I’d already said I was letting them off bell ringing–sacred home tower bell practise tonight and Cormac was supposed to come take photos, but in fact Cormac–and his camera–and Becki gallantly came along. And Cormac did take pictures, and we’re going to try to load them onto my computer tomorrow so brace yourselves. Hellhound photography is scheduled for tomorrow afternoon, and it’s supposed to be a beautiful day, so supposing Cormac gets his eye in photographing 30 mph dogs–they have a terrier–we should, by tomorrow evening, also have hellhound action photos and maybe a little video. And then I may sit here and torment you for a while . . . or I may just bail on the bell ringing ones. Cormac did tell me, delicately, that he understood that I had to focus when I ring, but that I should perhaps try to look a little less grim. Snork. So then he took some photos of me trying to smile and look like I’m having a good time, which will probably turn out even worse.
But here’s my news:
I RANG A PLAIN COURSE OF STEDMAN TRIPLES
I mean, you know, successfully. I think I’ve only ever rung this at all twice before, and the first time was a complete disaster and the second time we did make it through to the end, but that’s only because Edward was shouting at me every stroke. Sigh. And he just sprang it on me tonight–I barely had time to have a fast glance at the line [pattern] again–and I had Cormac and Becki there flipping watching me, not that they have a clue or anything but they’re there. And I did it! I did it!!!!!! I didn’t have a minder and Edward only yelled at me once!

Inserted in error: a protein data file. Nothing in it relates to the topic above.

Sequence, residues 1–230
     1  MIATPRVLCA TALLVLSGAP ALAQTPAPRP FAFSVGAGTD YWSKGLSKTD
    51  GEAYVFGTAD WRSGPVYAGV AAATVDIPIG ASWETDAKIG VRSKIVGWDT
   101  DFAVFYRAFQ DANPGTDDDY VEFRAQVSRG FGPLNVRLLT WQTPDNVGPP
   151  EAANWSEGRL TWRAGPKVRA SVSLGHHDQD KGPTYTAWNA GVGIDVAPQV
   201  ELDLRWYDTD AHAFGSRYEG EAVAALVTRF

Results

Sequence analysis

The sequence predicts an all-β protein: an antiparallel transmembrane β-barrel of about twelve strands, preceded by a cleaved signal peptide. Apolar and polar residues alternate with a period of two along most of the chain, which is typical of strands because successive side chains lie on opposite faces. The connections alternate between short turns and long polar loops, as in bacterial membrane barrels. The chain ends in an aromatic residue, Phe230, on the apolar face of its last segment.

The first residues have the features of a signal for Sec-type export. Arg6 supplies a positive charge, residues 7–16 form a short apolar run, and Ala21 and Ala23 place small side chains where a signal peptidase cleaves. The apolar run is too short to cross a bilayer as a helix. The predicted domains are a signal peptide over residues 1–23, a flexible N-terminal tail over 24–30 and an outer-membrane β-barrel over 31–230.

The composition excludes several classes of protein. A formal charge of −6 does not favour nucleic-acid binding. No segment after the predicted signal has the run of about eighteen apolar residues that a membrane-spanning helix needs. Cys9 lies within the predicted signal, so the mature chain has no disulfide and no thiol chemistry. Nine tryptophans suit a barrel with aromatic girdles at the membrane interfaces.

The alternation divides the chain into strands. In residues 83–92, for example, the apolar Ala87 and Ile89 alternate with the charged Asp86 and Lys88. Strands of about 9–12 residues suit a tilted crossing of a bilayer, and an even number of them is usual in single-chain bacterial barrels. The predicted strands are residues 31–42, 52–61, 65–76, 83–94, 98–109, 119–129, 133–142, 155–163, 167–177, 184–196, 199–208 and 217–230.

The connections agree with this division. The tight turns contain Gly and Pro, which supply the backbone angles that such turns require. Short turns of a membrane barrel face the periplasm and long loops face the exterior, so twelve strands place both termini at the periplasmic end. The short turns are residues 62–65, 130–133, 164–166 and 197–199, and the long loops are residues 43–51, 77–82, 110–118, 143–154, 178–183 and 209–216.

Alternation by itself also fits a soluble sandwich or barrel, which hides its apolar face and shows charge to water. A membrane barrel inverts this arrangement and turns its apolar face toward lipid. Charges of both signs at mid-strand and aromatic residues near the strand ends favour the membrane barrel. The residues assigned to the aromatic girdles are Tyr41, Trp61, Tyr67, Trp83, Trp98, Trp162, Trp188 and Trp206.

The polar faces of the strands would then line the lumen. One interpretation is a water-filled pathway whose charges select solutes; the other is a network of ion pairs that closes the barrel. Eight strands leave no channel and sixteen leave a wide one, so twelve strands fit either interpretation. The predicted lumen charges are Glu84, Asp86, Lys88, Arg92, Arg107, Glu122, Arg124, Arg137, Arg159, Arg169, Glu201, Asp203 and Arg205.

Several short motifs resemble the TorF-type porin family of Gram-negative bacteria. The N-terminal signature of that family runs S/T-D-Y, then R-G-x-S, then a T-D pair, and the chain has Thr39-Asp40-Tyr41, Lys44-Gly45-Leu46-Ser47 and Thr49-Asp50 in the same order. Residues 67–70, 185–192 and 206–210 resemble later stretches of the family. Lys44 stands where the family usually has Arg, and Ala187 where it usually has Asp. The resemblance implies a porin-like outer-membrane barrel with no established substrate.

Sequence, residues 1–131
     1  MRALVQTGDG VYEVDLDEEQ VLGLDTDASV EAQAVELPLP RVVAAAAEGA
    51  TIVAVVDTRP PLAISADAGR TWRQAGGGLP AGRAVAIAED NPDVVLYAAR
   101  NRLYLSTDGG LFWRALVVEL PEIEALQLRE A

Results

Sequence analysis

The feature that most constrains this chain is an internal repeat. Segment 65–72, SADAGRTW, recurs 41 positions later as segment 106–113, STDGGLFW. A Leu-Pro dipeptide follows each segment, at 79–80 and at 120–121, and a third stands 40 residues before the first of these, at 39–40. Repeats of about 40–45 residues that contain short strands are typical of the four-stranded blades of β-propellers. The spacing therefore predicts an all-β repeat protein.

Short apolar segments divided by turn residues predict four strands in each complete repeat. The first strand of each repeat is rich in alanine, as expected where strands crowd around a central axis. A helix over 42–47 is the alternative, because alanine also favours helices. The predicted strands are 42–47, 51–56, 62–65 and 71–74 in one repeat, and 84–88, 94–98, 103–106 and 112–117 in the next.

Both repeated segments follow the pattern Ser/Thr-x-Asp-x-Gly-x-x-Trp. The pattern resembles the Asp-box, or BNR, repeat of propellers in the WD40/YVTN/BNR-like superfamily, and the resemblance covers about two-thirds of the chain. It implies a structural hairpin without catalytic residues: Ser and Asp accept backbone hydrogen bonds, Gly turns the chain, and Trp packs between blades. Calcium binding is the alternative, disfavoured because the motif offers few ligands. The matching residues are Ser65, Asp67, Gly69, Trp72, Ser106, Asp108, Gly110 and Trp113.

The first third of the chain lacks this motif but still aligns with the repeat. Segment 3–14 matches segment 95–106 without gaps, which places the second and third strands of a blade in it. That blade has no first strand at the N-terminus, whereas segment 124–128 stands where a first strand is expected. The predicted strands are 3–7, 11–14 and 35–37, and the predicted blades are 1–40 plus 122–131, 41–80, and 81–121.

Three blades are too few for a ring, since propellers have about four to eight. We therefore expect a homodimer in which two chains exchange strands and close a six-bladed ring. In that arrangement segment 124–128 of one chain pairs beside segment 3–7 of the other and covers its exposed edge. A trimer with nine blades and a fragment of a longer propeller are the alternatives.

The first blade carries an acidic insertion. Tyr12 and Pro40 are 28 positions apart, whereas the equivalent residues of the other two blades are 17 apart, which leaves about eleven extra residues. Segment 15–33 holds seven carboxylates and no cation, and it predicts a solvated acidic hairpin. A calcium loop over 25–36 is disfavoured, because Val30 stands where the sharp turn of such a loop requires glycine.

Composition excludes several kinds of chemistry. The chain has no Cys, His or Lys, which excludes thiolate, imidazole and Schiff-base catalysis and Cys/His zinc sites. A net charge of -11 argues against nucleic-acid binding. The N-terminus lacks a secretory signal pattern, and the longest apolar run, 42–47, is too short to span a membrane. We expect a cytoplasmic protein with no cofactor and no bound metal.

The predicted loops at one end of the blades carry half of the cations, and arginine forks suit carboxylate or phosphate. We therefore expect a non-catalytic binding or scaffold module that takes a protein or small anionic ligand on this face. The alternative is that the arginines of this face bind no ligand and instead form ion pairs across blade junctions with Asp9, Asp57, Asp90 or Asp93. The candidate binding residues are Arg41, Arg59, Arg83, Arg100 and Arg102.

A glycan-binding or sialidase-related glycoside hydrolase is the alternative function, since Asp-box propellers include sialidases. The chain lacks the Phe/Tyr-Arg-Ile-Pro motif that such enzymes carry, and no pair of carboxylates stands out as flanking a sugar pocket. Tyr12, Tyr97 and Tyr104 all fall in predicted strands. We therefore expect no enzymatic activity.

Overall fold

Which doesn’t mean I’ll ever do it again, or at least not for another six months. Still.
And I hope Ruby gets some sleep tonight. . . .
. . . and I don’t even know what I’m going to write, let alone have it written. The problem with, you know, visitors, is that it seems like kind of a waste not to hang around chatting with them a bit. I also had the Computer Man here for another couple of hours this afternoon . . . and took our visitors to bell ringing practise tonight: Peter’s son and his two children, including the 11-year-old responsible for last night’s joke.*
Peter’s granddaughter–let’s call her Swanhilde–rings at home. I’d like to take some credit/blame for this but her mum rings. I think I get to claim meddling however. I think I dragged Swanhilde off to ringing before her mum had started again, and I think it was Swanhilde who got them both going. Her dad and bro came along tonight too, but didn’t last long**, and then there were only six of us for six bells, including Swanhilde. At which point our ringing master, whom we will call Wild Robert***, got the well-known mad gleam in his eye, and spent the rest of the evening teaching poor Swanhilde to ring treble to Grandsire.† This is a bit like teaching me Stedman when I was still wobbly on plain bob doubles: insane: the poor girl only rings call changes, she hasn’t even learnt plain hunt. Well, I ring Stedman, even though I shouldn’t, and Swanhilde was starting to ring Grandsire under her own recognisance by the end of practise, and we left smiling. I hope she is going to go home–as she announced she was planning to–and tell everyone that she rang Grandsire in Hampshire. And is not going to burst into tears later (Peter’s grandchildren are all rather diabolically polite and she certainly wouldn’t do this in public) and beg her dad not to leave her alone with me again. If I’m allowed to brag about my step granddaughter, by the way, she did brilliantly.